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Vizio VP Shares Key Smart Home Trends to Watch

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In a recent Internet of Things Consortium (IoTC) huddle on smart TVs, Greg Khan, CEO of GX Digital Ventures and the IoTC, prefaced the talk by describing what he calls “the now normal.” He distinguishes this term from the political football that is the term new normal, saying the now normal includes Covid, the economic developments over the last year, the political environment, and the new administration.

The result, he says, is that businesses have to be agile and adapt on the fly to the changes taking place in society.

Here’s what that means for the smart home industry. First, Covid has been both an accelerator and a suppressor; of course, more people stuck at home means more people buying TVs and other gadgets, but it’s also harder for service workers and custom installers to enter homes.

He also points to some other key trends. For instance, according to the National Association of Realtors Home Buyers and Sellers Generational Trends Report, tech-savvy Millennials now make up the largest share of the home-buying population at 38%. Along these same lines, Statista projects that smart home household penetration will be 12.2% in 2021 and is expected to hit 21.4% by 2025.

In light of this, Very founder Ben Wald had a conversation with client Eric Loes, Vice President of Software Engineering at Vizio, about current trends in the smart home market and how they’re leveraging this information to make smart business decisions.

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Accessibility and User Friendliness

Millennial and Generation Z may be a major audience for smart devices, but the appeal of a television certainly spans across every generation. Mom and dad—or even grandma and grandpa—need to be able to hook up their new smart TV.

“A large focus for us has been on device discovery, setup, and ease of use,” explained Loes. “Our focus is making those hard things easy.”

We refer to this as a frictionless IoT user onboarding experience. A new user shouldn’t have to jump through hoops or really possess any technical expertise to hook up their new device to their Wi-Fi. We need to make it as easy as possible. Once that new device is hooked up to the internet, we can usually take care of the rest.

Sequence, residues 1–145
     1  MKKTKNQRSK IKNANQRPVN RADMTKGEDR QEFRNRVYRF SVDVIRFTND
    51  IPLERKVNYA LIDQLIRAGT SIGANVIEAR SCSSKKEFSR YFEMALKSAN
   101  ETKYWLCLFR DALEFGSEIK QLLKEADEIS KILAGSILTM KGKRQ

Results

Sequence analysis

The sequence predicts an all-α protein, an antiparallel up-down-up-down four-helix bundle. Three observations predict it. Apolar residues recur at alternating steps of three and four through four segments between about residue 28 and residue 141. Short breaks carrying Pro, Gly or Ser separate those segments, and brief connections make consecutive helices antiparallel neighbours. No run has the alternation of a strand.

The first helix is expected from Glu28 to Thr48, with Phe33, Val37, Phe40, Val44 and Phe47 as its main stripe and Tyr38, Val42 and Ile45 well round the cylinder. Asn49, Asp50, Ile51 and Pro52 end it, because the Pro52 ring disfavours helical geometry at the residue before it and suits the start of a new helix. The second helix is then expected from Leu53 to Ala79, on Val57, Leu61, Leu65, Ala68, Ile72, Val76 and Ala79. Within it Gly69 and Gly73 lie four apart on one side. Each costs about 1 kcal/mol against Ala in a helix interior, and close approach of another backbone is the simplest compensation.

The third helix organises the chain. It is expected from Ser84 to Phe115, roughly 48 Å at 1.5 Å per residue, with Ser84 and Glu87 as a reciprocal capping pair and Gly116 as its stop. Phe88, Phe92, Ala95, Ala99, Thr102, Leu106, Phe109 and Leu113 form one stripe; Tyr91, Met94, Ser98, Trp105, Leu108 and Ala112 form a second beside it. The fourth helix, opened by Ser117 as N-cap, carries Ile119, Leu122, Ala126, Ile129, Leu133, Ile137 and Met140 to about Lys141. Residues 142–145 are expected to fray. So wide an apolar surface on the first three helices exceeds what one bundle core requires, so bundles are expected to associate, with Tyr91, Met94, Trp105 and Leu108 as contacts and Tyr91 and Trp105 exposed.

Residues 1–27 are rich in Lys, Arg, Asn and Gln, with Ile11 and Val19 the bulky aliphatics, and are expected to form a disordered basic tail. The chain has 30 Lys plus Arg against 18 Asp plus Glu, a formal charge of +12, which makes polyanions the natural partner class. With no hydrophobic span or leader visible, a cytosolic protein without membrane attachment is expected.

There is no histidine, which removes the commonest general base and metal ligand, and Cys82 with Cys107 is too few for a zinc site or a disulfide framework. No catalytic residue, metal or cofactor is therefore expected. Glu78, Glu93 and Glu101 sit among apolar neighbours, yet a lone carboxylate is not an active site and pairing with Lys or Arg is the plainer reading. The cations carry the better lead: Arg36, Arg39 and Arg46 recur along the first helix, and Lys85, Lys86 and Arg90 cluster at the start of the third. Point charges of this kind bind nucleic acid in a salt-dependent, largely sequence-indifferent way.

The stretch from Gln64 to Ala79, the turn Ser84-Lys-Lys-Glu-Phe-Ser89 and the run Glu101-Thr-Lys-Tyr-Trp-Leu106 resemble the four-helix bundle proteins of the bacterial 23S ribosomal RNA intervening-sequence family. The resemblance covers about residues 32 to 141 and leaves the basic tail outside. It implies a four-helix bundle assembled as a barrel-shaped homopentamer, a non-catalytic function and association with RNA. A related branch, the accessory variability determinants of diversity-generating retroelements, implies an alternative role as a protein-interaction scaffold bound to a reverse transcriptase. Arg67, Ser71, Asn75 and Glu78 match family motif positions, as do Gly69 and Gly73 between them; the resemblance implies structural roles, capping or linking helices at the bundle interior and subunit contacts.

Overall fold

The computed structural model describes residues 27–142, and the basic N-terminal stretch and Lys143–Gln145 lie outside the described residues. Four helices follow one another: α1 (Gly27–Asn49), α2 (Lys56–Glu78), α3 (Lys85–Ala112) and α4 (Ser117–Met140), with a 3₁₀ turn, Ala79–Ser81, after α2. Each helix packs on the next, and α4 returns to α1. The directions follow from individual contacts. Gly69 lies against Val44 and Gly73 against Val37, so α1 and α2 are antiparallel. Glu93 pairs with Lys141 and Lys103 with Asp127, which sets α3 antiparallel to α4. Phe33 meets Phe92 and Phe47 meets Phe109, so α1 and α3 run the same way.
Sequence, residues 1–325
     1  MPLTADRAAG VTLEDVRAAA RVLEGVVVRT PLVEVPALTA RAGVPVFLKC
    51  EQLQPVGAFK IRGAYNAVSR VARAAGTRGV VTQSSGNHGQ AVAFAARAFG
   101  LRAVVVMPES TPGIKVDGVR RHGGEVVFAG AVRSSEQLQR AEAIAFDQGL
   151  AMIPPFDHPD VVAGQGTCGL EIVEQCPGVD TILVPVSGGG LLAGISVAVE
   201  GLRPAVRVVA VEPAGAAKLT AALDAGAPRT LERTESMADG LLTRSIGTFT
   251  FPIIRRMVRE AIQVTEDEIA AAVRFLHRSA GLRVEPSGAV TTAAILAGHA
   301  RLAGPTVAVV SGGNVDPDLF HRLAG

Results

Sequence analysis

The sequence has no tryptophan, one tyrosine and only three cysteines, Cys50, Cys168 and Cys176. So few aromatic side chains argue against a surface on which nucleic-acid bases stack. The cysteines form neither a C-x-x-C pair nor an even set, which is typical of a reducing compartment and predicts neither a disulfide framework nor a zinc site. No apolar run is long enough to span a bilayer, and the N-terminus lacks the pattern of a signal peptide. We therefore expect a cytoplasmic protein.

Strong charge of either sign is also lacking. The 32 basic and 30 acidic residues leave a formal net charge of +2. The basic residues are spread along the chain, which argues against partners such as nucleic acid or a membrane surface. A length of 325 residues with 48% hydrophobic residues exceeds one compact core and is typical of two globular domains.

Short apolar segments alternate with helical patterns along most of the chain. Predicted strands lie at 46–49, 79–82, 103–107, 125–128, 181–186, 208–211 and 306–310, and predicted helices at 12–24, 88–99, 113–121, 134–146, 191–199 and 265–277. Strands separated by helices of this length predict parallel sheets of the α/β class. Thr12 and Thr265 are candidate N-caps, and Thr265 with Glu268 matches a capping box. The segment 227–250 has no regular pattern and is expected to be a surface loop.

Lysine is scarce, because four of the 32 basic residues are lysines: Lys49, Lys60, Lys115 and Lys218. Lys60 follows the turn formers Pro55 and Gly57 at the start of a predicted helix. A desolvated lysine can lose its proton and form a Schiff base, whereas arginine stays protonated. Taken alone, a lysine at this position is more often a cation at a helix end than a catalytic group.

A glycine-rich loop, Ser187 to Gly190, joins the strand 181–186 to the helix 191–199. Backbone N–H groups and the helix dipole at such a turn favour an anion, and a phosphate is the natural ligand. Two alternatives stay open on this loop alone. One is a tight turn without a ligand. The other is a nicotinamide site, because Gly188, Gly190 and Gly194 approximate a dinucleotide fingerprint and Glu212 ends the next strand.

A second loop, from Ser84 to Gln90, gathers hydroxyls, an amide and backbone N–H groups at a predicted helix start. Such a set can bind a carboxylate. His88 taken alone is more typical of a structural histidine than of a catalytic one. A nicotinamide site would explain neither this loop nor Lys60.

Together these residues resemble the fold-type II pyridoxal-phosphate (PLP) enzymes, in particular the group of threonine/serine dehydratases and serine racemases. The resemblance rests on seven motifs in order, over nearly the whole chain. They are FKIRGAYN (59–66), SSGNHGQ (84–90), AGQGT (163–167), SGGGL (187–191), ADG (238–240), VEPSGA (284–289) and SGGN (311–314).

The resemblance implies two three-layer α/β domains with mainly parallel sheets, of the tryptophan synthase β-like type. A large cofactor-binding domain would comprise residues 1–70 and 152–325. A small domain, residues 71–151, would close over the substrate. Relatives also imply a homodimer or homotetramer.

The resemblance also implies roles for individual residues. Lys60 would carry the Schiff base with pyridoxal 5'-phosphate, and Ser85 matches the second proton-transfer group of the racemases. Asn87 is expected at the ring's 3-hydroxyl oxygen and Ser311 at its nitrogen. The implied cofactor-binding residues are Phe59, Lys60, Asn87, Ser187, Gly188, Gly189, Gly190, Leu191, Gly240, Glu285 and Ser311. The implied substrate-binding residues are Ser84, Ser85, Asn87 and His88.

Voice has been another frontier in the UI. Vizio began by integrating with existing voice assistants, such as Amazon Alexa and Google Home, but they’ve also been working on their own solution.72percent

“Vizio’s been very bullish on voice and the capabilities in voice,” exults Loes. “Voice opens up capabilities on the TV itself and is the tipping point where IoT and smart home can start colliding with the television.”

Ultimately, IoT developers need to put in the work to make starting and using their devices as simple as possible. The first impression is key.

Eric Loes

VICE PRESIDENT OF SOFTWARE ENGINEERING, VIZIO

“Very’s a great partner to quickly standup a project and get domain knowledge into the process quickly. They spread their knowledge across their teams and yours to ensure the best product possible.”

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Data, Data, Data

smart-tv-data

One of the biggest reasons to make a TV smart in the first place is collecting and leveraging data. A hallmark of a mature IoT product is predictive and/or prescriptive analytics, in which a device closely tracks and monitors user behaviors in order to influence it. In the case of the smart TV, at least on the surface, that equates to analyzing what people watch and using those insights to recommend more content—keeping them engaged—and selling more finely targeted advertisements.

As Loes explains, “Last year we focused a lot on Vizio’s free, ad-supported content… It’s all about discoverability of content and pushing those recommendations.” 

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This opens up new streams of recurring revenue for a company that traditionally relied on one-time hardware sales. Now, through a combination of extracting behavioral surplus, feeding it to machine learning (ML) models, and selling the resulting prediction products to advertisers and other bidders, Vizio has found a way to transform their business model.

The result is IoT maturity: a steady flow of recurring revenue.

Conclusion: The Smart Home Hub

As we approach the final stage of the maturity model, ubiquitous computing, we expect the smart TV to take on an even more prominent role in the smart home. As the largest screen in the house and from its place of privilege at the center of the living room, the smart TV is ready to step into an even greater position.

“What experiences can drive additional engagement?” asks Loes. He points to “fitness opportunities” and the “smart home hub,” concluding that “interactivity with your TV is going to grow. With that change to the interactivity model, you’ll start to see that give-and-take relationship at a higher frequency.”

Vizio may be the experts when it comes to televisions, but in order to bring their product in line with their vision for the 21st century, they needed IoT market expertise and IoT engineers. That’s why they called Very to help them build intelligence into their products.

“Very’s a great partner to quickly standup a project and get domain knowledge into the process quickly,” says Loes. “They spread their knowledge across both their teams and yours to ensure the best product possible.”

Do you also have a vision for the next great IoT product? We want to hear about it. Take a look at our IoT development services and get in touch today.

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